The secret to reaching out — without burning out
By Joel Mikell & Derek Hazelet
Simple church can feel incredibly complex at times. There are always more people to reach. There is always more ministry that can be done.
If you’ve ever felt overwhelmed by the pressure or nervous about the future, you’re not alone. Research shows:
- 90 percent of pastors admit they are frequently fatigued and worn out on a weekly, or even daily, basis, and
- 62 percent of senior pastors are concerned about giving.
Here’s good news: Data and technology have made it easier than ever to reach more people and raise more money. This isn’t about adding another thing to your plate; it’s about identifying ways you can work smarter, not harder. It’s about improving how you reach out so that you never burn out.
3 keys to working smarter, not harder, with data and technology
Here are three ways you can apply the principles behind intelligent church giving to work smarter, not harder.
1) Make better decisions by balancing intuition with information. If making more disciples is the end game and discipleship is a life-long process, then effective ministry requires a long-game approach. It’s about equipping and sustaining comprehensive ministry.
While there will always be an element of faith involved, we must get past “going with our gut” when it comes to the ministry decisions we make.
In the same way a car dashboard helps us monitor if our car is operating correctly, there are indicators to help us measure ministry effectiveness and make better decisions along the way. For us to play the long game, we have to have feedback mechanisms and tools that help us measure if things are on the right track. Your car dashboard helps you monitor things that help you reach your destination. As church leaders, we can use data as indicators to measure disciple-making strategies and improve ministry effectiveness.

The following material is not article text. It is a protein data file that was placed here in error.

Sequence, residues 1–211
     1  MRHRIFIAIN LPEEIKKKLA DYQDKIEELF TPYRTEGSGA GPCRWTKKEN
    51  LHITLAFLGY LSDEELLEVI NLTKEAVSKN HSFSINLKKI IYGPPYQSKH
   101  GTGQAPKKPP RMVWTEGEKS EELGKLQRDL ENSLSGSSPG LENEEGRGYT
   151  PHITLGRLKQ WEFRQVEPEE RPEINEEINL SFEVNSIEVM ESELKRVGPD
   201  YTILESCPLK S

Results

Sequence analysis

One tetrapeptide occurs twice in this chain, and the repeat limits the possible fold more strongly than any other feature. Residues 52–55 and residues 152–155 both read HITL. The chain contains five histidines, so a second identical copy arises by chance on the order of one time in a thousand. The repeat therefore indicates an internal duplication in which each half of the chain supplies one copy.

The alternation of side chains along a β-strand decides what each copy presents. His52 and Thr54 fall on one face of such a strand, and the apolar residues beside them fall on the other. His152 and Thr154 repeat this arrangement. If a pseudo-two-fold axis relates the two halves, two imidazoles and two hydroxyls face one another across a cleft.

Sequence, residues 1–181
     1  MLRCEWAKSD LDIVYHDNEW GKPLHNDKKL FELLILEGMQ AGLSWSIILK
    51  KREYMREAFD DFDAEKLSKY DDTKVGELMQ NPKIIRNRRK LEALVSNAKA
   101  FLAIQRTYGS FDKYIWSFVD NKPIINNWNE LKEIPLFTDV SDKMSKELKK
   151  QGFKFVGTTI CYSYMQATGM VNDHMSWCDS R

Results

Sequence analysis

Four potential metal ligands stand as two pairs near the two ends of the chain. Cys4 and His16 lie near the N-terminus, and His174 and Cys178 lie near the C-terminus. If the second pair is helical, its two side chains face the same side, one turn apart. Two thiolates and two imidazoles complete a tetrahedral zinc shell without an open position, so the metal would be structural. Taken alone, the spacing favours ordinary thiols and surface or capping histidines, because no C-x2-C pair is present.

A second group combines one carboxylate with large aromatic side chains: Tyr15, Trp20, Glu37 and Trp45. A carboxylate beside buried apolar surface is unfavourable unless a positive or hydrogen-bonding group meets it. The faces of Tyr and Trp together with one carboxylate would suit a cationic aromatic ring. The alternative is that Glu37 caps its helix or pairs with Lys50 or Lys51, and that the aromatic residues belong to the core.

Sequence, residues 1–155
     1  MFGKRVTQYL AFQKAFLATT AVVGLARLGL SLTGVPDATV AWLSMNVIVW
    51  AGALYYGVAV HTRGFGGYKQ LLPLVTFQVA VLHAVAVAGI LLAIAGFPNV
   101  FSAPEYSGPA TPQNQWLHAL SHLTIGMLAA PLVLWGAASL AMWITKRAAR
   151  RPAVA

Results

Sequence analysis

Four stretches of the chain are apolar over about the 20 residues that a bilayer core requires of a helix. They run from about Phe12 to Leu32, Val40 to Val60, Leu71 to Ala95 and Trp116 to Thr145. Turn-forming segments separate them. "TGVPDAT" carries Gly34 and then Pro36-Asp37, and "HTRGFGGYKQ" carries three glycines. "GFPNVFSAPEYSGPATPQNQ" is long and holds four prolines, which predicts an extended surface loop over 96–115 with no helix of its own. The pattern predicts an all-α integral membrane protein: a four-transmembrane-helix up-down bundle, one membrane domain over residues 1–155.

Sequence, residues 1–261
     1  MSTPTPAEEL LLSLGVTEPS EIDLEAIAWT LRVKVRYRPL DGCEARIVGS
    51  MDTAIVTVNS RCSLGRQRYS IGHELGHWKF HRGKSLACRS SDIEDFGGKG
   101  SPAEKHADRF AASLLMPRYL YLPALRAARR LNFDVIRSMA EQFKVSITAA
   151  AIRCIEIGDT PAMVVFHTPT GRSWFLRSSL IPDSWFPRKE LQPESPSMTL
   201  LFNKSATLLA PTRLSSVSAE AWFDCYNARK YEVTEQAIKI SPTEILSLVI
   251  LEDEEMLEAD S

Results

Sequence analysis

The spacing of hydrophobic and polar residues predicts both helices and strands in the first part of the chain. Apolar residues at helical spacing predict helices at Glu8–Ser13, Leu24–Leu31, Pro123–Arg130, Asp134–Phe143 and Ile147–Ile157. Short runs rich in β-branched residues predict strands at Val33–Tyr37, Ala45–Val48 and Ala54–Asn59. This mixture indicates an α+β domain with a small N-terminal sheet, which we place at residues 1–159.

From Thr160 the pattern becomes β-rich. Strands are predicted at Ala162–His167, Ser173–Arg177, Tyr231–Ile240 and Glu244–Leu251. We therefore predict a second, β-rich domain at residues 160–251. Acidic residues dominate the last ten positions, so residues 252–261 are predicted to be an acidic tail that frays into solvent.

2) Accelerate discipleship through automation. Leading people into a deeper relationship with Christ requires us to help them take the next step. Our ability to respond to indicators of spiritual growth (participating, volunteering, giving) in measurable ways is essential for helping people grow. Unfortunately, manual processes aren’t easily replicable or scalable. What happens when the person you rely on to follow up with church members forgets or isn’t around anymore?
Fortunately, automated communication gives us confidence that we are effectively engaging church members in relevant and personal ways. It gives us a chance to communicate with every church member without relying on manual processes.
3) Go deep and wide with new technology tools. Understanding how people are interacting with your church not only helps you understand what’s working, it helps you engage each church member effectively and uncover what’s most pressing in their lives. For example, maybe you notice a church member has stopped giving — this might be an indication of a financial strain you have the opportunity to address.
Technology allows you to bridge the gap between Sundays. If all of your communication is based on what happens on the platform, your church is being silenced by outside forces competing for attention throughout the week.
This is not about dehumanizing people or the disciple-making process. It’s about enhancing it.
As church leaders, we are responsible for the people in our church. We’re responsible for their spiritual condition. The end game is not “big data” or how much information we collect; it’s about taking what we can learn about the people we engage to make smarter ministry decisions. The end game is not using the latest tools and technologies to be “cool.” It’s about using those resources and tools to help each and every person take steps to grow as a follower of Christ.
Are you ready to reach more people and raise more money by working smarter, not harder?
Joel Mikell is president at RSI Stewardship.Follow him on Twitter, @joelmikell or find him on Facebook.
Derek Hazelet is senior vice president at RSI Stewardship. Find him on Twitter — @dhazelet — or LinkedIn.